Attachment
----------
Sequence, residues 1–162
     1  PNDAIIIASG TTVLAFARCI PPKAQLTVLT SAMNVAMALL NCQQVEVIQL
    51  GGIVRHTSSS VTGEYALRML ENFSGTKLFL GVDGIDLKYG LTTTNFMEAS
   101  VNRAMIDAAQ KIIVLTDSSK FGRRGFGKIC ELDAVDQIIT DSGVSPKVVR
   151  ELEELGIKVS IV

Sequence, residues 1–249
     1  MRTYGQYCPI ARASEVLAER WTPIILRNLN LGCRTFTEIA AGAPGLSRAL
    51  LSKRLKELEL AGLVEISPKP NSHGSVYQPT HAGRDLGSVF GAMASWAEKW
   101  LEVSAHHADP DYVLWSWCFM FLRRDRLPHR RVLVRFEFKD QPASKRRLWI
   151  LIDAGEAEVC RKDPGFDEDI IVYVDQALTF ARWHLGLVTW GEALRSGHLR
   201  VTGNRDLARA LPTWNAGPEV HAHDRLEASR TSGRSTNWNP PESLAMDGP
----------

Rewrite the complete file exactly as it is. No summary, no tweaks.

Sequence, residues 1–162
     1  PNDAIIIASG TTVLAFARCI PPKAQLTVLT SAMNVAMALL NCQQVEVIQL
    51  GGIVRHTSSS VTGEYALRML ENFSGTKLFL GVDGIDLKYG LTTTNFMEAS
   101  VNRAMIDAAQ KIIVLTDSSK FGRRGFGKIC ELDAVDQIIT DSGVSPKVVR
   151  ELEELGIKVS IV

Sequence, residues 1–249
     1  MRTYGQYCPI ARASEVLAER WTPIILRNLN LGCRTFTEIA AGAPGLSRAL
    51  LSKRLKELEL AGLVEISPKP NSHGSVYQPT HAGRDLGSVF GAMASWAEKW
   101  LEVSAHHADP DYVLWSWCFM FLRRDRLPHR RVLVRFEFKD QPASKRRLWI
   151  LIDAGEAEVC RKDPGFDEDI IVYVDQALTF ARWHLGLVTW GEALRSGHLR
   201  VTGNRDLARA LPTWNAGPEV HAHDRLEASR TSGRSTNWNP PESLAMDGP